Unable to get a Wright brothers museum off the ground for years in Dayton, Nick Engler has his sights set to take flight elsewhere with reproductions of early gliders and airplanes.
The self-described experimental archaeologist and director of the Dayton-based Wright Brothers Aeroplane Co. met in recent days with leaders in Montgomery, Ala., about a museum there, but he said the talks are in the early stages and no one has committed to the project.
Wright Brothers Aeroplane Co. builds early Wright brothers-era glider and airplane replicas and showcases them across the country teaching visitors — air show attendees to students — about the earliest era of aviation. Among other venues, the exhibit was an attraction at the Dayton Air Show between 2003 to 2005.
“We’ve been touring our airplanes for about 10 years and we’d like to come to a rest,” he said. “Both the airplanes and myself are getting a little road rash.”
Engler said he has had an offer to set up a virtual Web TV studio in an old Dayton area lumber yard, which he intends to pursue in the weeks ahead, but he hopes to have a permanent location to display the planes “in an appreciative community.” Today, they are stored in three warehouses around Dayton.
“I would love to find a home for these airplanes,” Engler said. “We’ve been talking to people from California to Israel about it right now. We are looking to find an appreciative community who sees the historic value of what we’ve got and can make use of it to increase tourism, public relations and education in their community.”
Brady Kress, president and chief executive officer of Dayton History and Carillon Historic Park, questioned if modern audiences would be drawn to a display of a reproduction of Wright brothers aircraft without an additional attraction. Carillon Historic Park is home to the historic Wright Flyer III.
“If he can get people down there excited about the history maybe that will encourage them to take a trip to Dayton, Ohio where everything is truly from,” he said.
Timothy Gaffney, a National Aviation Heritage Alliance spokesman, said the collection Engler has assembled is unique.
“There is no place anywhere that has a museum like what Nick would like to have,” Gaffney said.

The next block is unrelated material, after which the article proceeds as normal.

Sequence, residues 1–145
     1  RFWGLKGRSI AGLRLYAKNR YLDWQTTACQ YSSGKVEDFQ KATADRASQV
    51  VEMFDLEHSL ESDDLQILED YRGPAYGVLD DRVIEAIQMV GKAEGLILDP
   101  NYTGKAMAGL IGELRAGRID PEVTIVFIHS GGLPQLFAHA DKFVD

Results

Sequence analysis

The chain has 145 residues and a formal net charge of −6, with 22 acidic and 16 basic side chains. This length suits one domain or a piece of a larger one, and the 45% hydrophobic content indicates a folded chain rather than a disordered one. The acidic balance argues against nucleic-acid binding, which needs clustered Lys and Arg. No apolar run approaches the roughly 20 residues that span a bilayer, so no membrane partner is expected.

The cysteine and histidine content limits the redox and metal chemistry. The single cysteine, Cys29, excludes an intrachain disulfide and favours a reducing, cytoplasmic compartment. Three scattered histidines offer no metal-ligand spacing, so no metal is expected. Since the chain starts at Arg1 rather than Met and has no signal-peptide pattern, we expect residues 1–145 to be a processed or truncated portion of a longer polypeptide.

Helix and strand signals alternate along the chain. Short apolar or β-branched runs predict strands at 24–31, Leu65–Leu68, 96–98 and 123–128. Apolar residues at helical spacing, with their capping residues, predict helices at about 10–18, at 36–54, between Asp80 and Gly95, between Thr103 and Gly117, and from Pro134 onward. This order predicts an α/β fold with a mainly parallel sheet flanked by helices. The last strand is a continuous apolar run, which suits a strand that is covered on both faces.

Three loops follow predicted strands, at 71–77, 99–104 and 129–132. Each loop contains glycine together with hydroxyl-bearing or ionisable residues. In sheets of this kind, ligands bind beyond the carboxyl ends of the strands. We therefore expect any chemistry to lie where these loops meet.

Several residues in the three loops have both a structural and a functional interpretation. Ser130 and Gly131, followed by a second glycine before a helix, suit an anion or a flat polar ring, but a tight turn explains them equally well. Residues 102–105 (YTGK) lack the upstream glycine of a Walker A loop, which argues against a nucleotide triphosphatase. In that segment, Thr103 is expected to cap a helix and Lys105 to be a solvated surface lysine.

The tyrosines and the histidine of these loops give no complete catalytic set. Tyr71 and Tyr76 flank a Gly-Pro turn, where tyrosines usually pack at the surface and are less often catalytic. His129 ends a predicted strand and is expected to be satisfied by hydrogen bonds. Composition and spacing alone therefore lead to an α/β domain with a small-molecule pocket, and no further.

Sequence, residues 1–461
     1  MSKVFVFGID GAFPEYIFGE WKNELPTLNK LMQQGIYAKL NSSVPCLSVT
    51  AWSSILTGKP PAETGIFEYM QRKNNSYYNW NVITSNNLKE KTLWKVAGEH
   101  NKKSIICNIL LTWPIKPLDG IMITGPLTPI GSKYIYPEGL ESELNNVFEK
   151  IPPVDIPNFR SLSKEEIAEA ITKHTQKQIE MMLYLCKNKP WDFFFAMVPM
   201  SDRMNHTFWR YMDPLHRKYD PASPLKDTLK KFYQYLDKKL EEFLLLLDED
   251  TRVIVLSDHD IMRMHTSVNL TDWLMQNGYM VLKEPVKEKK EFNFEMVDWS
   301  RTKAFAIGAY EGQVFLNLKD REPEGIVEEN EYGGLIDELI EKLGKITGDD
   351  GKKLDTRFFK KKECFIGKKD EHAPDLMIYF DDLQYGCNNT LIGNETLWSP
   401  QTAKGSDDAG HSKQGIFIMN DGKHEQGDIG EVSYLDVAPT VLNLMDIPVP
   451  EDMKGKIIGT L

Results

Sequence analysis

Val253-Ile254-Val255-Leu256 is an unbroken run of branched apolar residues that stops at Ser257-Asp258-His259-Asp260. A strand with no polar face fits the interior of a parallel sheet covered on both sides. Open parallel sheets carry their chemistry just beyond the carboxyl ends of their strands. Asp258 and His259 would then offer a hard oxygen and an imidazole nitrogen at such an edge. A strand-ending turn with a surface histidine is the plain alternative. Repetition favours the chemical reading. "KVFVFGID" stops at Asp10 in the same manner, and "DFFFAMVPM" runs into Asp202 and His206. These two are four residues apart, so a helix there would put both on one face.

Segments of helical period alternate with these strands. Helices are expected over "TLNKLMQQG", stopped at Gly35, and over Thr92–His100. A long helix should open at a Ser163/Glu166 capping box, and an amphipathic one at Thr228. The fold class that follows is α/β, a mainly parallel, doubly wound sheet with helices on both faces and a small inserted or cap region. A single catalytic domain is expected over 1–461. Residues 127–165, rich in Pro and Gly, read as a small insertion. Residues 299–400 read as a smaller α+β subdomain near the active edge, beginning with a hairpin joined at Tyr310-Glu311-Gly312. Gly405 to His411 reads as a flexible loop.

In June 2006, Engler hoped to open a $500,000 permanent home for the array of replicated early aviation artifacts at the Dahio Trotwood Airport. A lack of money and the loss of key players in the organization, among other setbacks, stopped the plan before it got airborne, he said.
“The Dayton aviation communities are extremely political,” he said. “We haven’t been able to navigate those politics successfully.”
Dayton has so much aviation history, heading to a place like Montgomery could make the collection standout and improve the chance to land funding, he said.
Mike Watson, an architect with 2WR in Montgomery, set up meetings between Engler and local leaders in the Alabama city.
“We certainly need someone to take the bull by the horns and establish a Wright brothers museum here in Montgomery because of our very rich history which really started with the Wright brothers,” Watson said. “I know the Wright brothers are very special to Dayton and Kitty Hawk and we think they are for Montgomery.”
The Montgomery flying field where the Wrights trained aviators in 1910 later became Maxwell Air Force Base.
For years, Montgomery has considered an aviation museum that would include the Wright brothers history but the idea hasn’t taken flight, Watson said.
“There’s no discussion really to open a museum other than it would be my desire to push to have that happen as a magnet for tourism and economic development dollars,” Watson said. In the interim, he has hired Wright Brothers Aeroplane Co. to build artifacts for a new Montgomery business, the Aviator Bar, which he said was a cross between a museum and entertainment establishment.
A tough economy has made it difficult to find money to launch a museum, Engler said.
“Now and then we get somebody that calls us up and they explore it,” he said. “Sometimes it’s a nibble, sometimes it’s an actual bite.” He’s had three “bites,” or serious looks, in the past three years, he said.
“It’s an extremely hard thing to get going in this economic environment,” he said.
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